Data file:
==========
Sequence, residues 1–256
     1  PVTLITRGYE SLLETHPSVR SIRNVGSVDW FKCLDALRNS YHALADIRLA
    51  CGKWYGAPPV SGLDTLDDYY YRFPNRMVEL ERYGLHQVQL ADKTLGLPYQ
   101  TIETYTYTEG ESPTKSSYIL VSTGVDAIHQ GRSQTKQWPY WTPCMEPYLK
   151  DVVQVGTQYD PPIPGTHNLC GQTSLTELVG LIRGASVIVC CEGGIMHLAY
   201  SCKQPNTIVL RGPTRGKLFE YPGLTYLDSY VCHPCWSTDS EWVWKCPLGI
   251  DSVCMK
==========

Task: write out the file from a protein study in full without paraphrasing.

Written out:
Sequence, residues 1–256
     1  PVTLITRGYE SLLETHPSVR SIRNVGSVDW FKCLDALRNS YHALADIRLA
    51  CGKWYGAPPV SGLDTLDDYY YRFPNRMVEL ERYGLHQVQL ADKTLGLPYQ
   101  TIETYTYTEG ESPTKSSYIL VSTGVDAIHQ GRSQTKQWPY WTPCMEPYLK
   151  DVVQVGTQYD PPIPGTHNLC GQTSLTELVG LIRGASVIVC CEGGIMHLAY
   201  SCKQPNTIVL RGPTRGKLFE YPGLTYLDSY VCHPCWSTDS EWVWKCPLGI
   251  DSVCMK